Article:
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As a student at university, I didn’t have a lot of money to spend on backpacking equipment. However, that didn’t stop me from taking trips into nature. There are quite a few learning lessons that helped me choose the best, most affordable bag for hiking adventures. With some quick research I’ll tell you how to find the best quality, yet cheapest backpacking sleeping bag for your needs.
Here’s a quick, informative video rundown of some of the considerations:
Cheapest Backpacking Sleeping Bag
Cheapest O°F Sleeping Bag: TETON Sports LEEF
The Teton Sports LEEF is a synthetic mummy bag designed with price-conscious backpackers in mind. The dimensions are 87 inches long by 34 inches wide by 22 inches deep. The shell is 40D ripstop, water-resistant nylon, and the lining is a softly brushed poly-flannel.
If you are like me, and your feet get colder than the rest of your body, you will appreciate the added insulation in the footbox. There is also a 3-piece hood that cinches around your face and a full-length draft tube to keep the warm air inside. In fact, this TETON is EN rated for your peace of mind.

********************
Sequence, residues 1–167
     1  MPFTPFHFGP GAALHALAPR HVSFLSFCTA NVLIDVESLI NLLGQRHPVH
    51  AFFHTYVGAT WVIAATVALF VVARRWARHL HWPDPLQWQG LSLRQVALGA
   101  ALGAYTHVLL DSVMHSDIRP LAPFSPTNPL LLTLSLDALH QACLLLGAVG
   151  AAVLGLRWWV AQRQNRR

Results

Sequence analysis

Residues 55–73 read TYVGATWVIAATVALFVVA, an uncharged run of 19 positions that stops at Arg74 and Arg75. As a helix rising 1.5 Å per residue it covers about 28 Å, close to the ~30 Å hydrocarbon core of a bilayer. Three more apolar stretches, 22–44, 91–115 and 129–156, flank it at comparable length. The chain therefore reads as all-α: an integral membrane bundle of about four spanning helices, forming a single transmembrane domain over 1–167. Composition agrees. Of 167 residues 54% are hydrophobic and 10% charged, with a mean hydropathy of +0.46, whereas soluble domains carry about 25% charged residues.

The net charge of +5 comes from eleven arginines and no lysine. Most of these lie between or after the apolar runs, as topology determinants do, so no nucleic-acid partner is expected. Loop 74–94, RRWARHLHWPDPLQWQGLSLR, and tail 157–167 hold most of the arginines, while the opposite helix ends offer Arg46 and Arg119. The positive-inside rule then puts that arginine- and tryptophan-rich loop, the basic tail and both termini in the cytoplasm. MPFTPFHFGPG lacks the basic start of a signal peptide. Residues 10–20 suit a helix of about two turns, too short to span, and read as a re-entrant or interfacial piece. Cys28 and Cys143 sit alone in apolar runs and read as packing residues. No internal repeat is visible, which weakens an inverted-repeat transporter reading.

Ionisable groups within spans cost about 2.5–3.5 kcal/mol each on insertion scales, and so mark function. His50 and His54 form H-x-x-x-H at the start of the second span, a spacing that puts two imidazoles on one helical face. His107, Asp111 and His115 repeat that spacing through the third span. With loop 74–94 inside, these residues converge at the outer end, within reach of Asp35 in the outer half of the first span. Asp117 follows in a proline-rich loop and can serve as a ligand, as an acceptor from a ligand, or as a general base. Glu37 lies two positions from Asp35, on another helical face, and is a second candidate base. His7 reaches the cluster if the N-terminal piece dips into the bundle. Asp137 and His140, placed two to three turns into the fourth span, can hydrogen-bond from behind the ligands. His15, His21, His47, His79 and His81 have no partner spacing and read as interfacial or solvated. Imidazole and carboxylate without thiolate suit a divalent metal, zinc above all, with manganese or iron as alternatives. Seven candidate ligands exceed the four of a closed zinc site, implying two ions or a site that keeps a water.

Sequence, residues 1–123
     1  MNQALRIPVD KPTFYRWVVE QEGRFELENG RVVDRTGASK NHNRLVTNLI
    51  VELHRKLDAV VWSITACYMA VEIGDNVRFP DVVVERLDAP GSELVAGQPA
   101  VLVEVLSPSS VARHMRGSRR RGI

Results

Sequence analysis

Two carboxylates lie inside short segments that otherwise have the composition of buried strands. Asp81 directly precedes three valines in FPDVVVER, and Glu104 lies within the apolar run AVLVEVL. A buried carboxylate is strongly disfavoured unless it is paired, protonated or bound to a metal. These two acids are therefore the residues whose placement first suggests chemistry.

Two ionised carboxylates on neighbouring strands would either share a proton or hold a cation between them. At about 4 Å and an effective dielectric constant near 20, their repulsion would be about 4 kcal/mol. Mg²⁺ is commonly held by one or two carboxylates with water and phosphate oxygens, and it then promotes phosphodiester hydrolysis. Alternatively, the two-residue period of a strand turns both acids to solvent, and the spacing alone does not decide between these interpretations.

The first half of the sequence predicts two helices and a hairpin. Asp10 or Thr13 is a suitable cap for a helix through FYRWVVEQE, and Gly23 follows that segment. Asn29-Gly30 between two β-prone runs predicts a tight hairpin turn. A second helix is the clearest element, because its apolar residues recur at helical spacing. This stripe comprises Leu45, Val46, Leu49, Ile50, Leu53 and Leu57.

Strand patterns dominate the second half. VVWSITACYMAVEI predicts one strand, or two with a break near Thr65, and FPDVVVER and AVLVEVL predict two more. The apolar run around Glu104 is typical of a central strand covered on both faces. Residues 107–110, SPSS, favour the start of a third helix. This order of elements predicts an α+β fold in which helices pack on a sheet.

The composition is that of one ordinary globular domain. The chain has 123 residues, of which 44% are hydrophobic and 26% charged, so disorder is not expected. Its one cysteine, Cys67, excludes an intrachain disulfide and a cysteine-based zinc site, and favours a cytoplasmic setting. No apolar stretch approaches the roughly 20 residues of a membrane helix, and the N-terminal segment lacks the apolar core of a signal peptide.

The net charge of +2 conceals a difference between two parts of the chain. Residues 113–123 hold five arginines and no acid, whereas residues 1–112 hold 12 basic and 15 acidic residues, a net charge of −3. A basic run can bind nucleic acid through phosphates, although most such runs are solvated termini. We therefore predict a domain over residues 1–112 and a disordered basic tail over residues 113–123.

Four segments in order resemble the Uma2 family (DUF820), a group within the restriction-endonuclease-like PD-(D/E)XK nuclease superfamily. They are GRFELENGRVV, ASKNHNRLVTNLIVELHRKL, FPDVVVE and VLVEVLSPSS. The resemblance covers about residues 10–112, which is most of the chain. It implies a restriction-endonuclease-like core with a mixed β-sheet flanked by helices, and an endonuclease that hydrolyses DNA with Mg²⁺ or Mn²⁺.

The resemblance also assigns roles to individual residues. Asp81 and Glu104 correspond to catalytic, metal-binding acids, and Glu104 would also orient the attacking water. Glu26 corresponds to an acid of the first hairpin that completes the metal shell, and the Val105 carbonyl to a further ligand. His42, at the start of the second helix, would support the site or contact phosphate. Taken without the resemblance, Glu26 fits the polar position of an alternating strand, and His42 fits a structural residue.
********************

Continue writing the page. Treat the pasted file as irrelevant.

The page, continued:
Included with this sleeping bag is a compression sack exactly the right size to fit the LEEF. That means you no longer have to roll. Just stuff! The weight is 2.9 pounds, so it is a bit on the heavy side. However, those newer to backpacking will get the experience they need without having to spend an arm and a leg.
This sleeping bag is also available up to +20°F:
Cheapest +15°F Sleeping Bag: Marmot Trestles
The Marmot Trestle is a synthetic sleeping bag that weighs 3 pounds and 6.1 ounces has a pack volume of 14 liters. This is a regular-sized mummy style model, and the EN is rated to +15 for men. That means the average woman will be a bit colder in this bag. The interior length is 85 inches.
This bag features a footbox designed for the opposite purpose than the footbox of the TETON. If your feet tend to get hot and sweaty at night, the bottom of this model allows for better heat regulation. There is also a little more room in the leg area than other mummies.